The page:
A report by Peter Crimmins for WHYY.
The metal palm trees sprouting from the sidewalk of El Centro del Oro, the Latino section of North Philadelphia around 5th Street and Lehigh Avenue, are chirping with the sound of the coquí. The distinctive call of the tiny Caribbean frog competes with the din of heavy traffic, quietly evoking the signature sound of Puerto Rico.
The coquí is about the size of your thumbnail and dominates the nighttime soundscape of Puerto Rico. The frog is endemic to the island – found nowhere more plentifully – and has become its cultural symbol, from ancient rock carvingsby the native Taíno people, to dance music, to modern kitsch.
“The coquí is a very small frog and it produces a very loud sound,” said Raúl Romero, the artist who created the sound work. “Puerto Rico is a pretty small island with a lot of people connected to it. As individuals we may be small, but as a collective can be very loud.”
Romero, who teaches at the University of the Arts, grew up in Florida and visited Puerto Rico often to see his grandparents in rural parts of the island. To make this sound installation, “Onomonopoetics of a Puerto Rican Landscape,” he returned into the island’s mountainous interior around Utuado with recording equipment, coming back with hours of coquí sound.
“It’s kind of like witnessing a 360 degree chorus of sound. Completely immersive,” he said. “You’ll hear one coquí start to sing, and then another one will join in. After a few calls they all pick up as if there is a crescendo.”
The sound installation is both outside in the street and inside Taller Puertorriqueno, the Latino cultural center on 5th Street in El Centro del Oro. Taller Puertorriqueno is hosting the Philadelphia iteration of “Onomonopoetics,” which is simultaneously installed in Miami.
The coquí is named after the distinctive sound it makes, co-KEY, as the males signal to the females for mating. There are about 17 different varieties of coquí in Puerto Rico but only two of them make that commanding biphasic (two-phased) sound. Other frogs and insects emit other sounds that contribute to the island’s nighttime chorus.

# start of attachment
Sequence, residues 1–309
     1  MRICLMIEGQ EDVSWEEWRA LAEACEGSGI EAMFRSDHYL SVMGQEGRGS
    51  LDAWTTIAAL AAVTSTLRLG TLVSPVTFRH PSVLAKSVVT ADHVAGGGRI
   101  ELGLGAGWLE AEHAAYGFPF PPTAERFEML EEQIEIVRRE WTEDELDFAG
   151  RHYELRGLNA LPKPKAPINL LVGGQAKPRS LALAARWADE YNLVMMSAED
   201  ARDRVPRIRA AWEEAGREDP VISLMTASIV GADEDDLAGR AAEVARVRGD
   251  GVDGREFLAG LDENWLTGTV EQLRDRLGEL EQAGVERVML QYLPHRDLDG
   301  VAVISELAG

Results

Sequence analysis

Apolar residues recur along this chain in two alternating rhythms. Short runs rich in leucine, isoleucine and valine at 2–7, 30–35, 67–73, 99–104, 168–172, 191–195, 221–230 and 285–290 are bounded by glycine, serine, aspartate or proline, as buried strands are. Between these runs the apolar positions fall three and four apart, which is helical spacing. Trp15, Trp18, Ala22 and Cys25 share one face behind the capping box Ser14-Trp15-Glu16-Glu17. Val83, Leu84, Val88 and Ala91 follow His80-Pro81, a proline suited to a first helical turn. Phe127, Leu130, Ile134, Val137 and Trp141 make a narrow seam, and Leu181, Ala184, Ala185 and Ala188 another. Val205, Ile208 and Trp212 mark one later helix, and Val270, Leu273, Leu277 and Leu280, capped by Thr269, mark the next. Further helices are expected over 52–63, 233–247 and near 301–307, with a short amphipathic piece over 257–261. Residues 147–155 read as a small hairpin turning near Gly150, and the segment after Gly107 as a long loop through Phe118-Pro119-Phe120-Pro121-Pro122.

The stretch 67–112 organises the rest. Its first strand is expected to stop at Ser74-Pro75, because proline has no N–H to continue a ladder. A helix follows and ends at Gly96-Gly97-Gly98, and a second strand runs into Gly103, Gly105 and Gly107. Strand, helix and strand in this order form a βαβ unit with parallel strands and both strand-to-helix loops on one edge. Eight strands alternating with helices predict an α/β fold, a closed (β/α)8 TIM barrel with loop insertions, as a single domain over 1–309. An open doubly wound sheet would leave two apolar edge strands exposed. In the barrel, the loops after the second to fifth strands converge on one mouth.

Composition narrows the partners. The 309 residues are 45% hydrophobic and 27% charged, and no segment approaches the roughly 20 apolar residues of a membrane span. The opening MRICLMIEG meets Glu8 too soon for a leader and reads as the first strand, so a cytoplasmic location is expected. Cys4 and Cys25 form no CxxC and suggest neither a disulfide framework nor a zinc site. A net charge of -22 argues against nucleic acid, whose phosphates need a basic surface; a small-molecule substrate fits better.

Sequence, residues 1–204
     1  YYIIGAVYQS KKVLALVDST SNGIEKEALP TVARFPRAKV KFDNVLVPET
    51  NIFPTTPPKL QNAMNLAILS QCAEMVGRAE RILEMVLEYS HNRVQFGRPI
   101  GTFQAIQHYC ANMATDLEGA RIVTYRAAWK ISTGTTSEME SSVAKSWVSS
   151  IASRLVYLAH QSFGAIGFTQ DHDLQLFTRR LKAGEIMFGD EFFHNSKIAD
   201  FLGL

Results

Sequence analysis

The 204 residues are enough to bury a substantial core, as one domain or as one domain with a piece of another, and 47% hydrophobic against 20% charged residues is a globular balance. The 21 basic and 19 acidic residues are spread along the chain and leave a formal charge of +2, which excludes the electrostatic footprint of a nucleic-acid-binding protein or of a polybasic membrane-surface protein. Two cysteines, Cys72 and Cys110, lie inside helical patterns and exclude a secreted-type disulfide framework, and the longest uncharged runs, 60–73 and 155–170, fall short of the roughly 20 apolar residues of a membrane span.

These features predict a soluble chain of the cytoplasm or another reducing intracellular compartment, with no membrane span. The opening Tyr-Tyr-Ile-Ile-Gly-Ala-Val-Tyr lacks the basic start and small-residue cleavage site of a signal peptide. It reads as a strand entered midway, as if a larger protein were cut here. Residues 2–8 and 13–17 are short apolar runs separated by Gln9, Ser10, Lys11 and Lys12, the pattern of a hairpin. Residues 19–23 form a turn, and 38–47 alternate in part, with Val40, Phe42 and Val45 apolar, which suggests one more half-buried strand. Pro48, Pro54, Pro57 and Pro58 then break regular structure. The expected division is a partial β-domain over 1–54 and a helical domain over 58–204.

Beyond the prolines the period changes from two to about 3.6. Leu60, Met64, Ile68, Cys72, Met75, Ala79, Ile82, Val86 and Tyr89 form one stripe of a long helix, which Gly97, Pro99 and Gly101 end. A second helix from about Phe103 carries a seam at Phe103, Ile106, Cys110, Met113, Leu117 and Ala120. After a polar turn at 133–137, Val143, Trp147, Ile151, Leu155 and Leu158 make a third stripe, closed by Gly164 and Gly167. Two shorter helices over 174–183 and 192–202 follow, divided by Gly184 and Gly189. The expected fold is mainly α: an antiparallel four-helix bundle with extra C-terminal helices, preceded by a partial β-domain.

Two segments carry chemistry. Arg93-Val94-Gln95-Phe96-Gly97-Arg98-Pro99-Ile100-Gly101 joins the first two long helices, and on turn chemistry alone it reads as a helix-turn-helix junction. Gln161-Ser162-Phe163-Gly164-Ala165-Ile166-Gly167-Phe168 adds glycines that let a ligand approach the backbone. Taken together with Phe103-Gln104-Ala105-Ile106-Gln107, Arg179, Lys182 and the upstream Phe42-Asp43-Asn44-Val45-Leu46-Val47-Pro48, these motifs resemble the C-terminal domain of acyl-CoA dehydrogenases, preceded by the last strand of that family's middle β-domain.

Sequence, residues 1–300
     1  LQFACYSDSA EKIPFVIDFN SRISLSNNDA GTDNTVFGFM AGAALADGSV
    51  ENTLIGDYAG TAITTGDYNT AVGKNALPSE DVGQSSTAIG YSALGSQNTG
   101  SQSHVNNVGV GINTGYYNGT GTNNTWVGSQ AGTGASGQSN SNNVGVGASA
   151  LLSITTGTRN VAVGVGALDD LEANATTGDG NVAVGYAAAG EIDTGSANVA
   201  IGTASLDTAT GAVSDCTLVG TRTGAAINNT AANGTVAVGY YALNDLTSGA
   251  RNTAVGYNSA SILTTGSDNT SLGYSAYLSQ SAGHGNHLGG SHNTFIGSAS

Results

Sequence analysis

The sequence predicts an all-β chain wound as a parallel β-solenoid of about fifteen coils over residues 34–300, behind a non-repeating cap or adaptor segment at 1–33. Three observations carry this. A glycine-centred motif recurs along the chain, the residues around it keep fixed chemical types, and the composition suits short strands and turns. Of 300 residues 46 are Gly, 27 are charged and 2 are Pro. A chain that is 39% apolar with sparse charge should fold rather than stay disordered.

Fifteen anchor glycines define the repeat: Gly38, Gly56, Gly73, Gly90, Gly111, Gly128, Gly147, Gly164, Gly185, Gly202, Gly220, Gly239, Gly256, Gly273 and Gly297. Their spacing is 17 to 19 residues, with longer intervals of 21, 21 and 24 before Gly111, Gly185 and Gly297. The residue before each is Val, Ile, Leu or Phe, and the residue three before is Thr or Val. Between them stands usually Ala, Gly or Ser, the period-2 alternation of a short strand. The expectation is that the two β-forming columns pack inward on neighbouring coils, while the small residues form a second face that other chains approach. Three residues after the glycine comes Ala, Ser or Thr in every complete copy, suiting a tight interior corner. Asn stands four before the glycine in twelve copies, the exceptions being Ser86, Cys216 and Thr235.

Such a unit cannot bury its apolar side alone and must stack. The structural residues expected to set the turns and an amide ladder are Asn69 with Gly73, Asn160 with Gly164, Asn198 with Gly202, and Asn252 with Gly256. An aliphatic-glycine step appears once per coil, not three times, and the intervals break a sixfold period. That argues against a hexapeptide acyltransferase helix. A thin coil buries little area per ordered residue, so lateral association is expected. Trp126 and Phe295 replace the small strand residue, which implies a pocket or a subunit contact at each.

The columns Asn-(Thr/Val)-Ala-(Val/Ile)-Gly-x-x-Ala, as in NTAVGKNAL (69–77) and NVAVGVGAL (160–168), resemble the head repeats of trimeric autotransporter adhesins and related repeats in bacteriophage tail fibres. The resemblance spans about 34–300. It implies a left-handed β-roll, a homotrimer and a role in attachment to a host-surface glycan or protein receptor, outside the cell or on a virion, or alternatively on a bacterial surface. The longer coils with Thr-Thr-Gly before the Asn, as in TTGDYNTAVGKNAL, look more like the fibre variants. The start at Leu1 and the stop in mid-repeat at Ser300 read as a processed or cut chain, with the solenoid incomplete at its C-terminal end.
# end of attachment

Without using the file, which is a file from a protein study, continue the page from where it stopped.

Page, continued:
“One of the reasons I am there is because of that sound. I love that sound in the night,” said composer Alfonso Fuentes, in an interview in 2018, about finding musical inspiration from the coquí.
After Hurricane Maria devastated Puerto Rico in 2017, Fuentes saw that the island’s forests had been stripped bare by the storm. Without forests, there are no coquí. Fuentes wrote “Ode to Fallen Trees” in part about the eerie silence that Maria left behind.
Romero wants his “Onomonopoetics” to help residents of El Centro del Oro reconnect with Puerto Rico. The show’s website has an interactive feature, asking people to describe how they reconnect with Puerto Rico. Users can make audio recordings of themselves and upload them to the site.
“The chirps of this tiny frog lulled me to sleep as a child after a cool night of rain,” said Mars Soto, of Miami. “I always keep my ear to the window, waiting for my coquí to sing me to sleep.”
From a scientific perspective, the sound of the coquí conveys much more than nostalgia. The mating call communicates the health of the male frog and communicates information about the suitability of his habitat for laying eggs. The females have evolved to shut out all other competing sounds and focus on that call.
“Each frog has its own unique call, just like WHYY has its own frequency, and females have specialized cells in their ears that are fine-tuned to that unique channel,” said Dr. Carlos Martinez Rivera, an amphibian biologist at the Philadelphia Zoo, with whom Romero consulted for the project. “They have their own private channel.”
Rivera showed Romero how to analyze the sound of the coquí with computer software that breaks down forest sounds into discrete frequencies and maps them into color fields.
“It’s like looking at a heat map mixed with sound waves,” said Romero “I can alter the colors used to identify different ranges of sound. By changing the color palette, some of these recording samples had the feel of the landscape, like tall grasses.”
Those maps give “Onomonopoetics” a visual dimension. Romero hung some of those sound maps in the Taller Puertorriqueno atrium. He also created sculptures using abstracted elements of Puerto Rico, such as a large copper disc on top echoing the radio telescope dish of the giant Arecibo space observatory.
For Romero, the sound of the coquí is less of a scientific endeavor and more of a connection to his cultural identity. After standing on a mountainside enveloped by the sound, he said it never left.
“The sound resonates in the ear, even after,” he said. “When I arrived back to Philadelphia I would still hear the sound, like it was an earworm.”